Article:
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Students torch Khartoum University mosque

May 10 - 2016 KHARTOUM / KOSTI
On 11 April 2016, a number of Khartoum University student protesters threw rocks at the police forces, which later used teargas to disperse them (RD)
On 11 April 2016, a number of Khartoum University student protesters threw rocks at the police forces, which later used teargas to disperse them (RD)

Unrest at the University of Khartoum continued at the weekend as students torched a building where others were staying after they were forced to move out their dormitories. Protesting students in White Nile state were dispersed by police and security agents.

On Sunday evening, student supporters of Sudan's ruling party burned the mosque of the Faculty of Education in the university in Omdurman. The property of students who were staying there after expulsion from the university's boarding houses was destroyed.

A witness told Radio Dabanga that the attacking students were backed by security agents, and beat the other students with sticks and machetes.

“The security service continued to lay siege on the buildings of the Faculty of Education until Monday morning,” the witness said, adding that the university administration has decided to close the faculty indefinitely.

The University of Khartoum has been the scene of widespread student unrest for several weeks, and classes have been suspended. One of the main student grievances is a decision by the university administration to sell-off faculty buildings and move university facilities to the outskirts of Khartoum ‘to make way for tourist attractions’.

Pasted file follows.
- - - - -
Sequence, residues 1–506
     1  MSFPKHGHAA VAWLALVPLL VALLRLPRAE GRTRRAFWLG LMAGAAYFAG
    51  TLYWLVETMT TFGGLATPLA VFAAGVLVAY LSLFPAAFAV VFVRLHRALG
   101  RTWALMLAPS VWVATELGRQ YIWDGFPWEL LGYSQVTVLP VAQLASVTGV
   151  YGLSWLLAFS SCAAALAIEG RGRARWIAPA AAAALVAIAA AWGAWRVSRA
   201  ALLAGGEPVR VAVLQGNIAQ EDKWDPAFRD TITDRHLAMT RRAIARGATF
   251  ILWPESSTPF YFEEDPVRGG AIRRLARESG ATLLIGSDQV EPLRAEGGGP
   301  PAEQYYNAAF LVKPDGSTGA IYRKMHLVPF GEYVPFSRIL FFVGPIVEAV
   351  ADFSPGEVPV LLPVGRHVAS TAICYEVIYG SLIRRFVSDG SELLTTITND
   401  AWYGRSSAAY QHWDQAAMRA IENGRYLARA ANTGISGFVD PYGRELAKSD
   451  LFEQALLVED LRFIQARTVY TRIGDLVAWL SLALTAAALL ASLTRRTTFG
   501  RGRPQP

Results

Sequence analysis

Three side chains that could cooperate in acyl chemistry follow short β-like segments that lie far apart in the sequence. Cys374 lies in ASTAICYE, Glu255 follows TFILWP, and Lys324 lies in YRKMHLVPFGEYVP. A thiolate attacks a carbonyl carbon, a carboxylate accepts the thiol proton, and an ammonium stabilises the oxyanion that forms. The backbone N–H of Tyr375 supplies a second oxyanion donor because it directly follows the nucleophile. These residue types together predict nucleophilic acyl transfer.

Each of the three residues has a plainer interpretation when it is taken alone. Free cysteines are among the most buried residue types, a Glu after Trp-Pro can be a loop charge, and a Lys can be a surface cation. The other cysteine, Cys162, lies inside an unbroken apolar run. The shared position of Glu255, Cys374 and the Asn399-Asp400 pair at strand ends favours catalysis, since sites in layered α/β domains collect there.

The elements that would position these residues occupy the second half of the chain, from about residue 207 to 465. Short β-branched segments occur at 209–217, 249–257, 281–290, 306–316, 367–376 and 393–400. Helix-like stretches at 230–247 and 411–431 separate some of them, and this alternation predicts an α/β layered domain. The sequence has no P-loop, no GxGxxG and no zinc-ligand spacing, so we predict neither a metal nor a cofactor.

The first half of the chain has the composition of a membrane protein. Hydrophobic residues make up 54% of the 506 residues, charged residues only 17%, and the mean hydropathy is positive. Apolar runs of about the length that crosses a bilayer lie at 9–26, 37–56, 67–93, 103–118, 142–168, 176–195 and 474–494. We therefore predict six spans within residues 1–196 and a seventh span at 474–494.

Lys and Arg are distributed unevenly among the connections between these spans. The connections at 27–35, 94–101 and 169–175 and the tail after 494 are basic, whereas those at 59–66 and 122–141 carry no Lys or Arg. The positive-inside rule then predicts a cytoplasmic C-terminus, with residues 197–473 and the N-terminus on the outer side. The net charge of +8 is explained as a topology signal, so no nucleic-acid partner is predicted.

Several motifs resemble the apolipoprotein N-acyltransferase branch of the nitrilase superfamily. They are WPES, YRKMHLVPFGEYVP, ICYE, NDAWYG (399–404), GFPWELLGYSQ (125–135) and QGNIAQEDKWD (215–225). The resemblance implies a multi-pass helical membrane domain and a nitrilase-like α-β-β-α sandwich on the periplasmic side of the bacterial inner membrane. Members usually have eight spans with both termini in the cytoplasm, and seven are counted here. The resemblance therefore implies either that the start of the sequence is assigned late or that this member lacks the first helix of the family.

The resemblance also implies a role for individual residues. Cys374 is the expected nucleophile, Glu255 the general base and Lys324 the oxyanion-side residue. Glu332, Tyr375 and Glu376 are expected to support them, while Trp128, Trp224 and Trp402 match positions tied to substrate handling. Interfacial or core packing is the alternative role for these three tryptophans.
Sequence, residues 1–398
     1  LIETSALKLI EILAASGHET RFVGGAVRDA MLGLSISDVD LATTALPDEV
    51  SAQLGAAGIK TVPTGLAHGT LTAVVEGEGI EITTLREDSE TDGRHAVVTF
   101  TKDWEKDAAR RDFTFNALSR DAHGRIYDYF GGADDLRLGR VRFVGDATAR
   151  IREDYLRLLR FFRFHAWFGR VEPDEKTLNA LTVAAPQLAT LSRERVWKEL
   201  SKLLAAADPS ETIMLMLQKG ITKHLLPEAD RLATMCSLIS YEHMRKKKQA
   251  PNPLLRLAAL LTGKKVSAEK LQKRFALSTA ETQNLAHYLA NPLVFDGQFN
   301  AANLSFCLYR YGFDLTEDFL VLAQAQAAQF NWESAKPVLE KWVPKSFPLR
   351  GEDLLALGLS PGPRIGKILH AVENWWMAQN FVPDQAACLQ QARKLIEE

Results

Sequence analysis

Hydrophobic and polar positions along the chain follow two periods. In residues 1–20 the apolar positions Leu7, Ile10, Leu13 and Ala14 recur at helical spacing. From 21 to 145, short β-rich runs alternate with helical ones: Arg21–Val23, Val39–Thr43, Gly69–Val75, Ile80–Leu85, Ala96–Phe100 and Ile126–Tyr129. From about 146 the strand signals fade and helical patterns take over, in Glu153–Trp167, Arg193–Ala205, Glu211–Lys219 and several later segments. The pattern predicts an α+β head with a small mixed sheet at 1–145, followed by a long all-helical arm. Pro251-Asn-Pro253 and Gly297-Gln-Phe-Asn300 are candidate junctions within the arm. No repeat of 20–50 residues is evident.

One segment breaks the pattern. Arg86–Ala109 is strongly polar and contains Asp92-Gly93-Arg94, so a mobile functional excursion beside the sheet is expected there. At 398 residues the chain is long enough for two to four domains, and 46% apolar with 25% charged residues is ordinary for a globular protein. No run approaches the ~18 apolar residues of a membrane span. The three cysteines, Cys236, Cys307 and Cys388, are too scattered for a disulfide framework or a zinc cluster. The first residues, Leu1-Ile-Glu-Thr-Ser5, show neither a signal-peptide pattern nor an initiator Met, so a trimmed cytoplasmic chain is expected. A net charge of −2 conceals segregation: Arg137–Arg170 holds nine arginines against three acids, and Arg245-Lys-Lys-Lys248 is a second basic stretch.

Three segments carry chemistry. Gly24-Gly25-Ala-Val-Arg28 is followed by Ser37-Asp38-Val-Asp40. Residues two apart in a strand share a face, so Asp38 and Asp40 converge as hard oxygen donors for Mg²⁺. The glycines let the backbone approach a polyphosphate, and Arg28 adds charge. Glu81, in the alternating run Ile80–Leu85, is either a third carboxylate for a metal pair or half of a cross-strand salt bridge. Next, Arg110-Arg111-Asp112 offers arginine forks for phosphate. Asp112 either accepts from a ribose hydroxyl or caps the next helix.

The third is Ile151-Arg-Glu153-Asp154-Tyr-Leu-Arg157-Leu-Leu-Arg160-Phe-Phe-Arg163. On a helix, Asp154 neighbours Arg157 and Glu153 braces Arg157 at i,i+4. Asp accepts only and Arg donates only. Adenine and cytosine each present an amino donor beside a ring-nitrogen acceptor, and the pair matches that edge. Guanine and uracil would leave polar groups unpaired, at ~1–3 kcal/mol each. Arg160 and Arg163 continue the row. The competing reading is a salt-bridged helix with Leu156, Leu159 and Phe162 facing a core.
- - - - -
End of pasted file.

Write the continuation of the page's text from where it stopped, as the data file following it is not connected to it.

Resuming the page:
Mohamed El Tayeb El Gurashi is the father of one of the students who has been dismissed by the University of Khartoum and is now detained with eight other students. From the office of lawyer Nabil Adeeb’s in Khartoum, he told Radio Dabanga that he holds the President and Chancellor of the University of Khartoum responsible for the students' safety.

“The arrest and dismissal of students is illegal,” El Gurashi said, demanding the National Intelligence and Security Service (NISS) to immediately release them. “All liberal students, political, civil and legal organisations have to put pressure on the regime in order to release them.”

Last week, Nabil Adeeb's office was raided by NISS agents, who arrested several students who were suspended from Khartoum University as they consulted with their lawyer. The NISS has stressed that it “will not allow the transfer of conflict and violence to the capital Khartoum”.

Two students were killed in separate incidents in April, at Omdurman's Ahlia University and at the University of Kordofan, in which government security forces and armed students used live ammunition to break up protests at the university campuses.

White Nile

A student strike at the Faculty of Engineering at the University of Imam El Mahdi in Kosti, White Nile state, resulted in the serious injury of five students and detention of dozens of others on Sunday.

A student at the faculty told Radio Dabanga that NISS and police forces entered the campus to confront student protesters with beatings and teargas, which caused the injuries to five students. They were transferred to the hospital.

Some 40 others were detained by the NISS, and released on Monday. The agents chased tudents to their boarding houses and detained a number of them, several protesters told this station.

They said that the protesters will continue their strike from studying until all their demands are met. Since the beginning of April, the students have been demanding amendments to the regulations prepared by the university administration earlier last year.

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